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The Plague of the Zombies [Blu-ray]
(John Gilling, 1966)
Review by Gary Tooze
Theatrical: Hammer Film Productions
Region: 'B' (as verified by the Oppo Blu-ray player)
Disc Size: 34,003,367,419 bytes
Feature Size: 23,392,954,368 bytes
Video Bitrate: 31.38 Mbps
Case: Standard Blu-ray case inside cardboard slipcase
Release date: June 18th, 2012
Aspect ratio: 1.66:1
Resolution: 1080p / 23.976 fps
Video codec: MPEG-4 AVC Video
LPCM Audio English 1536 kbps 2.0 / 48 kHz / 1536 kbps / 16-bit
•Raising the Dead (34:01)
• World of Hammer - Episode Mummies. Werewolves and the Living Dead (24:49)
• Restoration Comparison (4:32)
• Trailer (1:55)
Description: Within a remote eighteenth century Cornish village, an evil presence lurks within the darkness of the witching hour, a mysterious plague relentlessly taking lives at an unstoppable rate. Unable to find the cause, Dr Peter Thompson enlists the help of Professor James Forbes. Desperate to find an antidote what they find instead are empty coffins with the diseased corpses missing. Following a series of strange and frightening clues, Thompson and Forbes are lead to a deserted mine where they discover a world of black magic and a doomed legion of flesh eating slaves, the walking dead.
A wonderfully atmospheric outing from Hammer Films, who diverged from their often successful variations on Universal's classic monsters into the world of zombies, a genre which had yet to receive its infusion of terrifying new blood with the 1968 classic Night of the Living Dead. The plot, which owes a debt to the Bela Lugosi chiller White Zombie, involves a mad Cornish squire, who solves an annoying labor crisis in his tin mines by turning local villagers into voodoo-controlled zombies. Dr. Thompson (Brook Williams) and his daughter Alice (Jacqueline Pearce) soon discover the unpleasant nocturnal habits of the shambling undead slaves -- including their tendency to go on murderous rampages when not directly under the squire's control. At the request of Alice, Sir James Forbes (André Morell) arrives on the scene to investigate. The superb script by Peter Bryan employs an interesting subtext about the rift between the British aristocracy and the exploited working class, but the film is less a political allegory than a spooky, atmospheric horror opus that ranks among Hammer Films' finest.Excerpt from MRQE located HERE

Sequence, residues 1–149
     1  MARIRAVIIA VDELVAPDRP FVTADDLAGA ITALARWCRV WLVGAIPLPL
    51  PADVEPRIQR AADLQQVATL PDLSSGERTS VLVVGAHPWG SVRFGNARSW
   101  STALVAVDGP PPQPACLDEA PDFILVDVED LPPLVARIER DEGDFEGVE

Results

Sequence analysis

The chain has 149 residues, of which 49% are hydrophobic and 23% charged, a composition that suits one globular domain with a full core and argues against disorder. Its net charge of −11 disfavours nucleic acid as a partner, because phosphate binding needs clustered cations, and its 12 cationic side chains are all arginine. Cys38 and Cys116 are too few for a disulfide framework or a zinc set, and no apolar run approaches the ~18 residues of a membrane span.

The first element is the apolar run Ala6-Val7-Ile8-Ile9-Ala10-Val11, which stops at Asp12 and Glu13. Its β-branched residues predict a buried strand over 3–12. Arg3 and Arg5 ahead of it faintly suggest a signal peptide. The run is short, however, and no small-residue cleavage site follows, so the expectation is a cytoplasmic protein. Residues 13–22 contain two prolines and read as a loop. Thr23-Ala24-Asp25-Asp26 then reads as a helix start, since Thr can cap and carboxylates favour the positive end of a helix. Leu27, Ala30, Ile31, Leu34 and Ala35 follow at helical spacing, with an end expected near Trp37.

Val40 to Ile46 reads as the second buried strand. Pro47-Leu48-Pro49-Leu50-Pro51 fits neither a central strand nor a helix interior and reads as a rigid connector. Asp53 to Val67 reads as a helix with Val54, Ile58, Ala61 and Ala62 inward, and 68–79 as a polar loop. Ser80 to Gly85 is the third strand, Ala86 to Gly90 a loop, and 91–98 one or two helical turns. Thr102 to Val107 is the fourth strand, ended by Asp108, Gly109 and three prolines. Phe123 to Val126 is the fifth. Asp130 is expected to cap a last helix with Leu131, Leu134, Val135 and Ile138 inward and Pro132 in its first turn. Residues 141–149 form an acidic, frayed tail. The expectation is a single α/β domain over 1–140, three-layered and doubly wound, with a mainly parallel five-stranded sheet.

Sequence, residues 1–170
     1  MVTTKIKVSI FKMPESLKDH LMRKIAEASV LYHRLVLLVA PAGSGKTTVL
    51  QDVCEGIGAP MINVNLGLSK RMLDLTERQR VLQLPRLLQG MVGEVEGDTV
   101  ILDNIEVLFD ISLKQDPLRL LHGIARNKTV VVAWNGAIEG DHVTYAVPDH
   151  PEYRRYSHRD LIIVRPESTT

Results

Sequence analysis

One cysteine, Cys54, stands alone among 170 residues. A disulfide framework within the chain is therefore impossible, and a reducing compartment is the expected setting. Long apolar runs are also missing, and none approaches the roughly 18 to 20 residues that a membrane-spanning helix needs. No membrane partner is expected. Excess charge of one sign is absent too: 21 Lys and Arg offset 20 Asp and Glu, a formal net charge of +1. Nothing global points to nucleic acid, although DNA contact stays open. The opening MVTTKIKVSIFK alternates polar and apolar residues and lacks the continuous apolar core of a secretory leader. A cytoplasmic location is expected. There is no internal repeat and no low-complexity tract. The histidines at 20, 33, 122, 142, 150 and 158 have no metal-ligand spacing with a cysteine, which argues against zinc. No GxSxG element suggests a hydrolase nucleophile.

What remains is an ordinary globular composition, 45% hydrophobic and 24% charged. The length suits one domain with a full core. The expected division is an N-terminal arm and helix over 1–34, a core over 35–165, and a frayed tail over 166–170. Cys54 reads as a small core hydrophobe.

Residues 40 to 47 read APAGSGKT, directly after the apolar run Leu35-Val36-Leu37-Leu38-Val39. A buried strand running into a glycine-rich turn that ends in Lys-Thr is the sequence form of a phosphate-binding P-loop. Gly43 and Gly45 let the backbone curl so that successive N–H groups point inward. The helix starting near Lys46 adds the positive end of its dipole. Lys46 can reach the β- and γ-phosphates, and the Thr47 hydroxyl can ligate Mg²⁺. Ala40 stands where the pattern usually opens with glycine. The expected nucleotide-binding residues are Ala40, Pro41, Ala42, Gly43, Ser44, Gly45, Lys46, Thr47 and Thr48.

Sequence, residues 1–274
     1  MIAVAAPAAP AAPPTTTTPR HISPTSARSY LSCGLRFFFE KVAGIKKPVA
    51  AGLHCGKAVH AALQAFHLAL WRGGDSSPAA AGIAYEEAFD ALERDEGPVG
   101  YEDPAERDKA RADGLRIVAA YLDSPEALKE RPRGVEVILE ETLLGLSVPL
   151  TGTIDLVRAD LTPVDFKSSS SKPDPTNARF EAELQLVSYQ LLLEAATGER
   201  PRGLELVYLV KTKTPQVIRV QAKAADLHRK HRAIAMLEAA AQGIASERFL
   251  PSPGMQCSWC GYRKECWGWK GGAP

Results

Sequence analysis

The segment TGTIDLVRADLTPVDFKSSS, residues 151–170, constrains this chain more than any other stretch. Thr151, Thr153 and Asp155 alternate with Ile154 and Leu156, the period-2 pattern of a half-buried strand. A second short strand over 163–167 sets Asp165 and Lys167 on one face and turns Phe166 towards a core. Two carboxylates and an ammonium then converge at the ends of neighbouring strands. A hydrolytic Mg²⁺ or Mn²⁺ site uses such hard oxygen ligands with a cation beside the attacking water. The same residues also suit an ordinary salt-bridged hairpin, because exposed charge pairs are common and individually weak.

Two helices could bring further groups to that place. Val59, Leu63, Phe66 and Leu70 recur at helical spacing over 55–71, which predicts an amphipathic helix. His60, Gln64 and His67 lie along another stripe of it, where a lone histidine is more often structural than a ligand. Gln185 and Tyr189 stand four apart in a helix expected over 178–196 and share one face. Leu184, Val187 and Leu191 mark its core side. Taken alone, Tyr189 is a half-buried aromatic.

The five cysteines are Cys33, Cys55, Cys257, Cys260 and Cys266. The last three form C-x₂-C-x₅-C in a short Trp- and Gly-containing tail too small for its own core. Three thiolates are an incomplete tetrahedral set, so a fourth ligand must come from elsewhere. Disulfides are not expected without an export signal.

Perhaps a little tame these days, compared with modern gore-shock, but Gilling's Hammer chiller about zombies being exploited by a Cornish tin-mine owner (echoes of the classic White Zombie) is highly atmospheric. Often imaginatively directed (in particular a splendid, nightmarishly green-tinted vision of the undead rising from the graveyard earth), it boasts really classy photography (Arthur Grant) and an outstanding performance from Jacqueline Pearce (the admirable snake-woman from The Reptile, here being beheaded to save her from untimely zombification).Excerpt from Timeout located HERE
Image : NOTE: The below Blu-ray captures were taken directly from the Blu-ray disc.
Like most of the other Hammer UK Blu-rays, The Plague of the Zombies gets a pleasing transfer from Studio Canal. It is dual-layered with a high bitrate for the 1.5 hour feature. It has some color inconsistency - leaning to a yellow/greenish bias at times. Not misaligned but can give that impression. Generally speaking, the visuals are solid with a few exceptional scenes showing impressive clarity and depth. Primary colors can appear rich and there is no noise in the darker sequences. The 1080P supports acceptable contrast adding some minor depth in the 1.66:1 frame. I don't see heavy signs of manipulation but suggest it is merely the less-stable source. It's quite clean showcasing a responsive, if not dynamic presentation. This Blu-ray provides a substantially improved video viewing over SD.
CLICK EACH BLU-RAY CAPTURE TO SEE ALL IMAGES IN FULL 1920X1080 RESOLUTION
Studio Canal utilize a linear PCM mono track at 1536 kbps. It is clear, flat but has a bit of punch. India-born James Bernard (Dracula Prince of Darkness, These Are the Damned, Across the Bridge, The Curse of Frankenstein) score adds to the 'regal mansion' and 'quaint village' atmosphere and benefits from the lossless transfer. There are optional English subtitles and my Oppo has identified it as being a region 'B'-locked.
Raising the Dead is a 34-minute featurette and has John Carson and Jacqueline Pearce from the film discussing their memories of The Plague of the Zombies, with English film critic Jonathan Rigby, author of English Gothic: A Century of Horror Cinema and Studies in Terror: Landmarks of Horror Cinema, focusing on the historical relevance of the film in Hammer's vast stable of horrors. We get another World of Hammer Episode with Roy Skeggs - this one entitled Mummies. Werewolves and the Living Dead and runs just shy of 25-minutes. There is also a brief Restoration Comparison, with split screen demonstrations, a trailer and the dual-format package includes a DVD.
March 15th, 2014
About the Reviewer: Hello, fellow Beavers! I have been interested in film since I viewed a Chaplin festival on PBS when I was around 9 years old. I credit DVD with expanding my horizons to fill an almost ravenous desire to seek out new film experiences. I currently own approximately 9500 DVDs and have reviewed over 5000 myself. I appreciate my discussion Listserv for furthering my film education and inspiring me to continue running DVDBeaver. Plus a healthy thanks to those who donate and use our Amazon links.
Although I never wanted to become one of those guys who
focused 'too much' on image and sound quality - I
find HD is swiftly pushing me in that direction.
Oppo Digital BDP-83 Universal Region FREE Blu-ray/SACD
Gary W. Tooze
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